I’ve been hearing the complaint ‘I’m bored‘ quite a bit recently. I suspect it’s because I’m still relatively new to this parenting business; give me a couple of years and I’ll be, well, bored of hearing it and I’ll stop noticing it. I haven’t found a skilful retort to it yet, and I doubt I ever will.
The truth is that I spend much of my life bored. Not in terms of needing entertainment or occupation; between my job, family life, TV, movies, books, dogs and video games there’s plenty of stuff for me to do.
No. I’m bored of something that’s always there.
I’m 42 and I’ve been in pain for over 16 years. Illness. Pain. Sickness. I’m bored of it. I’m bored of the audible crunch of bones in my neck and spine when I turn my head on a cold morning; I’m bored of medication every day; I’m bored of explaining my condition; I’m bored of having to spend so much money fighting it; I’m bored of doctor’s appointments; I’m bored of not being able to play football; I’m bored of being sore after walking, standing, sitting or lying for more than an hour (all told I do a lot of walking, standing, sitting or lying for more than an hour); I’m bored of answering the question ‘does your illness define you?’, a question only ever asked by people with no chronic illness themselves; I’m bored of it affecting my sex ‘life’; I’m bored of not a single Christian ever having had a ‘word of knowledge’ about Ankylosing Spondylitis because they’ve probably never heard of it and certainly can’t spell it (and yes, that includes people from Bethel as well as your personal favourite healing ministry); I’m bored of well-meaning but ignorant advice; I’m bored of the guilt at not doing the physio I should be doing; I’m bored of doing the physio I should be doing; I’m bored of missing out; I’m bored of being tired just because I’m ill; I’m bored of my lowered immune system; I’m bored of people telling me about their ‘bad back’ because they think they relate; I’m bored of people thinking they can’t talk to me about their stuff if they know I’m sore; I’m bored of people asking ‘how are you’ and not really wanting the answer; I’m bored of the voiced and unvoiced judgements … if only you’d do xxx then you’d be better, you are a bit overweight, after all; I’m bored of having to opt out of moving chairs and tables because it will hurt and worrying about what people think of me for opting out; I’m bored of listening to that worry and helping move the table and then being in pain for a day; I’m bored of choosing between playing with the kids or being in pain later.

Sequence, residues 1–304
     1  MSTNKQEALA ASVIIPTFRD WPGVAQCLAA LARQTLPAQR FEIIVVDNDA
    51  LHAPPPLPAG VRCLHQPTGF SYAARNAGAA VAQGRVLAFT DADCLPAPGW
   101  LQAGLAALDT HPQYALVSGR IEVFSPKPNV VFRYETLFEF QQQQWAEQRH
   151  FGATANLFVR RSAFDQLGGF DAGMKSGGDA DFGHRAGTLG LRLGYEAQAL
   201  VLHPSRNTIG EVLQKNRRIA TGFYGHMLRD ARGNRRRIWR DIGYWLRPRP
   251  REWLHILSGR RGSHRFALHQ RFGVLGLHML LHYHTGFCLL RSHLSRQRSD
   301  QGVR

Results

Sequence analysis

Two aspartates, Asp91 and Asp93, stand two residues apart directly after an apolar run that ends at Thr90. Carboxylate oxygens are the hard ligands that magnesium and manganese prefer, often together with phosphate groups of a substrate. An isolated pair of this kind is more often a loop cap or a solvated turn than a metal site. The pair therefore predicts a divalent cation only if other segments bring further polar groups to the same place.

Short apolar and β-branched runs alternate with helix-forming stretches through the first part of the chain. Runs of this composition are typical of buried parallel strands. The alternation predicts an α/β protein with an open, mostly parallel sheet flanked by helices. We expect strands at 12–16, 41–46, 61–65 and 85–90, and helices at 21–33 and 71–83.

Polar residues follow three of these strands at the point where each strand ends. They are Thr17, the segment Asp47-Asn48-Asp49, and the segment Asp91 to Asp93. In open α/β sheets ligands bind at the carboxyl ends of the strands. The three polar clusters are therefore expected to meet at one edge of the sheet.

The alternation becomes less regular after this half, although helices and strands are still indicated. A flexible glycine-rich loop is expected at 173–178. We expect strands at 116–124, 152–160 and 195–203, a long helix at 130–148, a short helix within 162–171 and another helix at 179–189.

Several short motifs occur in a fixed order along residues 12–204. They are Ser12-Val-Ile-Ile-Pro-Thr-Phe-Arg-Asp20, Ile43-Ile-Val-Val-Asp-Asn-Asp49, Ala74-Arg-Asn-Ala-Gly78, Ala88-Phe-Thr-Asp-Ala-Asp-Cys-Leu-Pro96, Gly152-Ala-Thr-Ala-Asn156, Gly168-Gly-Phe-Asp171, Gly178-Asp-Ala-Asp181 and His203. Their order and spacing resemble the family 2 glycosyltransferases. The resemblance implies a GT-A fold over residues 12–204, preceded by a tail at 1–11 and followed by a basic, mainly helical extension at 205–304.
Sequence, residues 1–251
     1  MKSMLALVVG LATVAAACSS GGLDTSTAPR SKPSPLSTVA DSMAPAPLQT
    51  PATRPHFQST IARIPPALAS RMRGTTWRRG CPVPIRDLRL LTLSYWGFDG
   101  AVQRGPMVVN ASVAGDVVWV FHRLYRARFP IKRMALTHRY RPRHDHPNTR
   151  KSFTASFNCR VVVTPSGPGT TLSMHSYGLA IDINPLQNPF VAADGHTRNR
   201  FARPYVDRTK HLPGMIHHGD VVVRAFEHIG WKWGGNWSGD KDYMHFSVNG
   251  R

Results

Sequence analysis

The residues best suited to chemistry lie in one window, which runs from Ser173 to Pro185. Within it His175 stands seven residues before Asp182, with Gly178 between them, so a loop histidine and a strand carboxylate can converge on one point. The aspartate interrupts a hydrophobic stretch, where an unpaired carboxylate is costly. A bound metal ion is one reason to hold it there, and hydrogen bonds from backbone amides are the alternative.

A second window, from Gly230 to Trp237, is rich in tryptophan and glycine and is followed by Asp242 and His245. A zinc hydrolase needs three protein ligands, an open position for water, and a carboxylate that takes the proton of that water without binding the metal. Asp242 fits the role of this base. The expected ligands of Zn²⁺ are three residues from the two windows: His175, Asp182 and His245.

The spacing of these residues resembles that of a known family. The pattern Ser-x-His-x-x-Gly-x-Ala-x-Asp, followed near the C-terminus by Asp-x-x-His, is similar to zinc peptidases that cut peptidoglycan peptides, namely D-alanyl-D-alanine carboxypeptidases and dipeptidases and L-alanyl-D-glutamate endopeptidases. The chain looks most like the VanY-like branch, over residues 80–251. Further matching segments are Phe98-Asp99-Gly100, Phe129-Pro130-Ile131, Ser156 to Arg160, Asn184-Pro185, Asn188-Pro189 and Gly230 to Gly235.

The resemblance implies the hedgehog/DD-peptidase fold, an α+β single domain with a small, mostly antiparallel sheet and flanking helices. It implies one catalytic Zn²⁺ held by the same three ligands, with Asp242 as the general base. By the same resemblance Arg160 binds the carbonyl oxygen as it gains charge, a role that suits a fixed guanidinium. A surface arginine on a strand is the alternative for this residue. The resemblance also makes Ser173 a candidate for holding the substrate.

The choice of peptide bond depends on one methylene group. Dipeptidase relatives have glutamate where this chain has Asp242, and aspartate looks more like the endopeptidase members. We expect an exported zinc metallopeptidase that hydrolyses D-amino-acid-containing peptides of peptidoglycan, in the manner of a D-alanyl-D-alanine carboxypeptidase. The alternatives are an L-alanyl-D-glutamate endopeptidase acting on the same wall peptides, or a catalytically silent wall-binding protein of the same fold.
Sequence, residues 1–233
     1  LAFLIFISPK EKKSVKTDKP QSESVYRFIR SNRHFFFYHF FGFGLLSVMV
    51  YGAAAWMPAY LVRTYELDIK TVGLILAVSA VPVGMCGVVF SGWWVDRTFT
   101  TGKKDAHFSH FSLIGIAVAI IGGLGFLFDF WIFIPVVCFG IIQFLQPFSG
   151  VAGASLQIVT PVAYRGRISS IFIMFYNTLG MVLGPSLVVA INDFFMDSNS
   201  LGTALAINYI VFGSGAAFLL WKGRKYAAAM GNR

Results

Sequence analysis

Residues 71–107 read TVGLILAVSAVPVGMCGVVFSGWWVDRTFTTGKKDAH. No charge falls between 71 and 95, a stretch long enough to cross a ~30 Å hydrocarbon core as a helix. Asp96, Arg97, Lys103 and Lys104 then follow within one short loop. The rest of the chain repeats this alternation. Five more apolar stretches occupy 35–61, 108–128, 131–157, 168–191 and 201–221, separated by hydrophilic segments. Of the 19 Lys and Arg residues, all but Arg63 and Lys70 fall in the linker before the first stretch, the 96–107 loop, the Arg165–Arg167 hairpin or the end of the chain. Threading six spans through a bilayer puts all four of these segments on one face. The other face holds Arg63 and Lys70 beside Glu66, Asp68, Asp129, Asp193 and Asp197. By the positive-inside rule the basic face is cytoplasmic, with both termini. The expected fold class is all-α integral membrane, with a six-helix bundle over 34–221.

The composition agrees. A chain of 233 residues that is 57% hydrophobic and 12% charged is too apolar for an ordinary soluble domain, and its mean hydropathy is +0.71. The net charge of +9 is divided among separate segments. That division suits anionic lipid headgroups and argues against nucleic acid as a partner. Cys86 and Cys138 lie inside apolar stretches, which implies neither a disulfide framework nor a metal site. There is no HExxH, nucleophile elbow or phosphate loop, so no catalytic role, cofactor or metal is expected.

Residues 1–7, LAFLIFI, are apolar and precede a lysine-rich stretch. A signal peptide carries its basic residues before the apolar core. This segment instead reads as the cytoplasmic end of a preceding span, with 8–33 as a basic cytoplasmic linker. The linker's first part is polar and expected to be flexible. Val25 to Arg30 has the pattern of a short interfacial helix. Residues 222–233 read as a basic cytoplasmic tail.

And here’s a truth. Others are bored of all that too. It’s part of the curse of chronic illness. Sometimes I wish I had an acute illness. Cancer, or something else that has an end point for better or worse. When people first find out about your chronic illness, they’re sometimes interested. They ask questions which you answer wearily because they show interest and you think they might want to help or ‘walk with you’. And they do, for a while. They pray with and for you. Maybe they help with something that you can’t do. But then, mostly, often, they get bored. They never say it, of course; they may not even be aware of it themselves. But at some point it becomes clear that this disease isn’t going away, that it isn’t my fault, that the prayers aren’t going to be answered like that. One time a couple of people offered to sit and pray with me regularly for my AS. I was thrilled. We met twice. So people back off; they don’t walk with me and my wife. They check in every now on. But they haven’t got time for me and my illness. A small handful have. But people back off. They get bored of my need, my story, my pain. People get bored just walking with me, with no apparent end to the journey.
I’m bored of that. And deeply, pathetically, tearfully, grateful for those who do just keep walking at my pace. Which is slow.
Oh so fucking slow.
A series of posts looking at famous Bible people and how they’re a bit more like us than we may imagine.